You are a director of a private corporation, and one of the
shareholders has asked you to provide him with the minutes of the
last meeting of the board of directors. Are you legally obliged to
provide this document to him?
A. The statutory provisions
First of all, the Canada Business Corporations
Act1 (the "CBCA") provides that
minutes of board meetings may be examined only by the directors of
the corporation. The same is true of Quebec's Business
Corporations Act2 (the "QBCA") which
states that only the directors and the auditor of the corporation
may have access to the records containing the minutes of meetings
of the board and its committees and copies of the resolutions
passed by the directors. In addition, the minutes of board meetings
are not among the documents that may be examined by the
corporation's shareholders under both the CBCA and the
QBCA3. As for not-for-profit organizations governed by
Part III of the Companies Act4, the minutes of
board meetings are also not among the records that the
organization's members may have access to.
B. Confidentiality of minutes
Quebec courts have already considered this issue. In its
decision in Germain v. L.D.G.
Inc.5 the Court of Appeal stated that the
minutes of directors' meetings are part of the company's
administrative and operational books and records. The Court
specified that such documents are related to the internal
administration of the company and are for the use of the directors
in office. The Court was thus of the view that access to such books
and records is limited to the currently serving directors.
In its decision in Roch Harnois & associés
Inc.6, a bankruptcy matter, the Superior Court
arrived at the same conclusion as the Court of Appeal: a
shareholder has no right to examine the minutes of board meetings
or the resolutions adopted by the directors. And as the
trustee-in-bankruptcy has no more rights than the bankrupt does,
the trustee is not entitled to have access to those documents.
In another Superior Court decision7, a member of a
not-for-profit organization sought a declaratory judgment to the
effect that he was entitled to have access to the minutes of the
meetings of the organization's board of directors.
Notwithstanding the principles enunciated by the Court of Appeal
and the Superior Court in the two decisions canvassed above, the
Court in this case held that in exceptional cases where an
organization is being sued, a court may compel the disclosure of
the minutes if they are central to the resolution of the dispute.
However, the Court decided that the instant matter was not one of
those exceptional cases.
It should be pointed out however that there are exceptions under
both the CBCA8 and the QBCA9 with
respect to corporate business in which a director has a personal
interest. In such cases, a shareholder of the corporation may
examine the portions of any minutes of meetings of directors or
committees of directors that contain disclosures about a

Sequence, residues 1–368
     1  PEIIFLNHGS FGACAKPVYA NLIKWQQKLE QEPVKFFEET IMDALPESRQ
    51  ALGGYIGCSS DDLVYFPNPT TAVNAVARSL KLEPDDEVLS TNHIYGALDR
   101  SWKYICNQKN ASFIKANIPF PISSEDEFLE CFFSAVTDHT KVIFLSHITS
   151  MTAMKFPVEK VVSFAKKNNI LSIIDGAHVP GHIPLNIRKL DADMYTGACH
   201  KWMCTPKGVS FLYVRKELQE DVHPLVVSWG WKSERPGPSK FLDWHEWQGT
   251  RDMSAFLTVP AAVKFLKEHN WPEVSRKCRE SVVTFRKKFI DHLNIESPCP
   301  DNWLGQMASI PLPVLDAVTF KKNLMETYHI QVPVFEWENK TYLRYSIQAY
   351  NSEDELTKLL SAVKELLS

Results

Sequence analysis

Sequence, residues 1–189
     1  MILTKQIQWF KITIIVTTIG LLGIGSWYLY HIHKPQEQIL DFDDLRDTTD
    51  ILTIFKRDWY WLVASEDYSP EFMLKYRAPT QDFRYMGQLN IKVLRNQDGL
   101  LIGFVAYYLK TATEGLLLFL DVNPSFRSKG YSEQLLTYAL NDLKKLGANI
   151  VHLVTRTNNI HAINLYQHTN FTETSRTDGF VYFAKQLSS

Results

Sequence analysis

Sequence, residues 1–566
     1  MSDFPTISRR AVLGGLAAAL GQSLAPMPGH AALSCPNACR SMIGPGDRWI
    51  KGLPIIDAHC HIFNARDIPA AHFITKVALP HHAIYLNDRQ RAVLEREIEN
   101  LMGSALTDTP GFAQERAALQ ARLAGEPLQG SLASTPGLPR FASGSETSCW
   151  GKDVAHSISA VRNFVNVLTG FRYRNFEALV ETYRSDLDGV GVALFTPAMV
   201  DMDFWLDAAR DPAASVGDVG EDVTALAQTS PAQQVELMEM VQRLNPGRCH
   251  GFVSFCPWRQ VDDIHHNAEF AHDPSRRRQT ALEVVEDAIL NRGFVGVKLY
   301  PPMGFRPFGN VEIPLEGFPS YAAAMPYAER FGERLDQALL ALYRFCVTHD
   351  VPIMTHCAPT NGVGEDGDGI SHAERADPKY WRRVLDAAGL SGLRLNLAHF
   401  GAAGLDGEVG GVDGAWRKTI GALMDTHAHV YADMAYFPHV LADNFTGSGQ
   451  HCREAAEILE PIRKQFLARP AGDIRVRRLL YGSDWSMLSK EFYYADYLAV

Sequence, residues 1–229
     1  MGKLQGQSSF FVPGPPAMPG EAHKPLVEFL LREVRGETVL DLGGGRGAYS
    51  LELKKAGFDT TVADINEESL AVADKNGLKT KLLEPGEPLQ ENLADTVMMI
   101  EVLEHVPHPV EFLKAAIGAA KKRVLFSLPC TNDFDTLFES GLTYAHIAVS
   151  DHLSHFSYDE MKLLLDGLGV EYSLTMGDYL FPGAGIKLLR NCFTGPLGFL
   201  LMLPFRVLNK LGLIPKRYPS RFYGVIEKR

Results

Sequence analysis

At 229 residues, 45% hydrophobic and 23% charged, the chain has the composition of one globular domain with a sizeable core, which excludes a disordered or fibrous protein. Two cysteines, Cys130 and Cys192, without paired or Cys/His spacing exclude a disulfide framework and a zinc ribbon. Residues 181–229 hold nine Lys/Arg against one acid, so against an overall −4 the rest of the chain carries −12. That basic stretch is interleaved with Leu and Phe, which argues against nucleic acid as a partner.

director's interest in a contract or transaction to which the
corporation is a party, as well as any other documents containing
C. Admissibility of minutes at trial
While generally only the corporation's directors can examine
the minutes of board meetings, this does not mean that such
documents must be considered confidential10. As the
Court pointed out in Payette v.
Viel11, in specific cases where the corporation
is being sued, the Court may order the filing of board minutes into
evidence. By way of example, in the matter of M.L. v.
Compagnie A12, Quebec's access to information
commission ordered the company to disclose to the plaintiff
portions of the minutes of meetings of its board that contained
personal information concerning the plaintiff.
It is thus evident from the applicable statutory provisions and
the case law that, subject to certain exceptions involving a
director's personal interest, a shareholder of a corporation is
generally not entitled to have access to the minutes of meetings of
its board of directors. However, in certain situations, the courts
may order that portions of the minutes be provided to the
1 RSC 1985, c. C-44, s. 20 (4)
2 CQLR, c. S-31.1, s. 34
3 Supra, note 1, ss. 20 (1) and 21 (1) and note 2, ss. 104 and
4 CQLR, c. C-38, ss. 104 and 105
5 Germain v. L.D.G. Inc.,  J.Q. no.
6 Roch Harnois & associés Inc. (Syndic de),
AZ 98021181 (S.C.)
7 Payette v. Viel, 2013 QCCS 2764
8 Supra, note 1, s. 120 (6.1)
9 Supra, note 2, s. 130
10 Desjardins v. Domtar Inc. J.E. 96-2150
11 Supra, note 6
12 2010 QCCAI 73
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guide to the subject matter. Specialist advice should be sought
about your specific circumstances.
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Under the Income Tax Act, the Employment Insurance Act, and the Excise Tax Act, a director of a corporation is jointly and severally liable for a corporation's failure to deduct and remit source deductions or GST.
Under the Income Tax Act, the Employment Insurance Act, the Canada Pension Plan Act and the Excise Tax Act, a director of a corporation is jointly and severally liable for a corporation's failure to deduct and remit source deductions.
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